In the coming days, the Dolphins’ No. 1 offseason mystery — what will they do with Mike Wallace? — should be revealed.
It certainly can’t hurt Wallace’s chances that his quarterback wants him back.
Ryan Tannehill said Tuesday that he and his occasionally temperamental wide receiver have “cleared the air” since Wallace’s late-season blowup, and that “there’s no problem there.”
“I like Mike,” said Tannehill, after participating in an all-star field day at Trump National in Doral. “I’ve spoken to him, yes. It was great.”
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Wallace’s future with the team has been uncertain since the last game of the 2014 season, when he was benched for the second half after complaining about how he had been used. The Miami Herald reported at the time that Wallace refused to re-enter the game, but he denied that the following day.
Regardless of the circumstances, Wallace’s actions — not to mention his nearly $10 million salary in 2015 — have put him in limbo. Owner Stephen Ross said in January that “I don’t think anybody really knows” if Wallace will return for a third season with the team, and that still might be the case.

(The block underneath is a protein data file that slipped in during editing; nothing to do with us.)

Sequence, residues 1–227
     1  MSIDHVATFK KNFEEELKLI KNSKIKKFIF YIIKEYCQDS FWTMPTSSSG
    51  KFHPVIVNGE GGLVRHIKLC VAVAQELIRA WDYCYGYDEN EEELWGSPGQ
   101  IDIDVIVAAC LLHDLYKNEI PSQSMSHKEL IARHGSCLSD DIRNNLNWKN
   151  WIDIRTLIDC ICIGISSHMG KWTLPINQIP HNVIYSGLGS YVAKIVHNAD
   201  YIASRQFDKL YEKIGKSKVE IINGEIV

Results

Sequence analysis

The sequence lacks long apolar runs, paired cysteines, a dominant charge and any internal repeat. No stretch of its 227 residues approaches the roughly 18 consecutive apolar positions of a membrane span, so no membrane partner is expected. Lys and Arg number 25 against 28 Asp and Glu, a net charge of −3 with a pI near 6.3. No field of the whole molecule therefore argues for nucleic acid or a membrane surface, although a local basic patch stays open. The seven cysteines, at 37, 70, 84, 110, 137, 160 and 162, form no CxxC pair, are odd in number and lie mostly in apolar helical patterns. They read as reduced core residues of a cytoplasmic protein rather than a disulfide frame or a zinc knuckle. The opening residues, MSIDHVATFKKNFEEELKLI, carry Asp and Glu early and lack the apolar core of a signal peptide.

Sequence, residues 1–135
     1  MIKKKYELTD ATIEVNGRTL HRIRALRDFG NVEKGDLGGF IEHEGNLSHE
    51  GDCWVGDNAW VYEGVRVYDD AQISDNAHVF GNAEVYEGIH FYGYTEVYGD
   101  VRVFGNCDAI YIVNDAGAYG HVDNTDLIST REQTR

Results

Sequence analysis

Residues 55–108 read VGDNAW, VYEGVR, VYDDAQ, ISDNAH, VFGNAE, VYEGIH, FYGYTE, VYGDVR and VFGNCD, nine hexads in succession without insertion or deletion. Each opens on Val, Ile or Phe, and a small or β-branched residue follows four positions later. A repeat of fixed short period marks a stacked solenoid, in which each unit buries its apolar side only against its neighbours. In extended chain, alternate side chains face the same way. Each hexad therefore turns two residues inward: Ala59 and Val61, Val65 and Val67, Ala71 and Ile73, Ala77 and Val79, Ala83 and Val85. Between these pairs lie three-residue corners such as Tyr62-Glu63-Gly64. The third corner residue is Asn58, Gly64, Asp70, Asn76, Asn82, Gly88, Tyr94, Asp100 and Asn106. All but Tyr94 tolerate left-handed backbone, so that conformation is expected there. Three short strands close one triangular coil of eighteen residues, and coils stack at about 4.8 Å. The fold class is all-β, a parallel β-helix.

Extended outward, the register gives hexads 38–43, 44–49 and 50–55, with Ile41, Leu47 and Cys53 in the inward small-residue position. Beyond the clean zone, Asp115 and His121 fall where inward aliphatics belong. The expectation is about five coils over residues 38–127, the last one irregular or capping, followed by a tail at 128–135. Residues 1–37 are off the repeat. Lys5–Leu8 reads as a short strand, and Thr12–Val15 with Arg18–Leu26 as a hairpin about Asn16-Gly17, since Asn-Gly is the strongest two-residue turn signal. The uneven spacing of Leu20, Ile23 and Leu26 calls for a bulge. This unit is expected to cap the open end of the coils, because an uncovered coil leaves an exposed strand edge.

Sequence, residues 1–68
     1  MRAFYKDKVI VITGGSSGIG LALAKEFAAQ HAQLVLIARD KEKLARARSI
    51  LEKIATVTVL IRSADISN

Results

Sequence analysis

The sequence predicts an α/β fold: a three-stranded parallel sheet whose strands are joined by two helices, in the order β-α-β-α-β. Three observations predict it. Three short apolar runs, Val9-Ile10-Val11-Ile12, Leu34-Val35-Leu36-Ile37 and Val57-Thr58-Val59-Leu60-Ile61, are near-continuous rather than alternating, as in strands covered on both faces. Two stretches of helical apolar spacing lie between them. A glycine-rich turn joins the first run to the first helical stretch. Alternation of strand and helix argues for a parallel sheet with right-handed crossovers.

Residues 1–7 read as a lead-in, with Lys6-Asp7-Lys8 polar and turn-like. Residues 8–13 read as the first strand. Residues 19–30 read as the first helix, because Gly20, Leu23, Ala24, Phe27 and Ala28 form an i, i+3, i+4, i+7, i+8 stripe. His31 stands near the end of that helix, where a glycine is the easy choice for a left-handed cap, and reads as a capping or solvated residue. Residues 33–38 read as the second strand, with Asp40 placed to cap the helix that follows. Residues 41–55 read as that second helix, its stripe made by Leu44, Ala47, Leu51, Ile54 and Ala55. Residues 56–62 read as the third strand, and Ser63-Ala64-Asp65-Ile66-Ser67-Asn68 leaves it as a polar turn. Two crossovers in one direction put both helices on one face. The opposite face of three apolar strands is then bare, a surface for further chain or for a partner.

Depending on which big-ticket free agents the Dolphins chase next week — a list that potentially includes Lions defensive tackle Ndamukong Suh — Miami might need the cap space his release would create.
Tannehill, in a frank exchange with reporters, said the team’s front office has discussed certain aspects of its plans before enacting them but added that he did not know what will ultimately happen with Wallace.
Tannehill has already lost two veteran wide receivers when the team cut Brian Hartline and Brandon Gibson last week. If the Dolphins part ways with Wallace, they would have just one wide receiver back — Jarvis Landry — who caught more than 12 passes last season.
“I just work on what I can do,” Tannehill said, when asked about the team’s purge. “I think the front office is doing a good job of evaluating the team and trying to put the best team on the field.”
Tannehill is technically in a contract year, although the franchise is expected to pick up his fifth year option in the coming months — a mini-extension that would pay him $16.2 million in 2016.
But a long-term deal in the next 12 months would give Tannehill the security of guaranteed money up front and the Dolphins more salary-cap flexibility.
Tannehilll said his agent and the Dolphins have not started talks on a new contract, and he doesn’t know that will even happen this year.
“They’ve been supportive of who I am as a player and the leader I am, so I’m excited about what the future holds,” Tannehill said.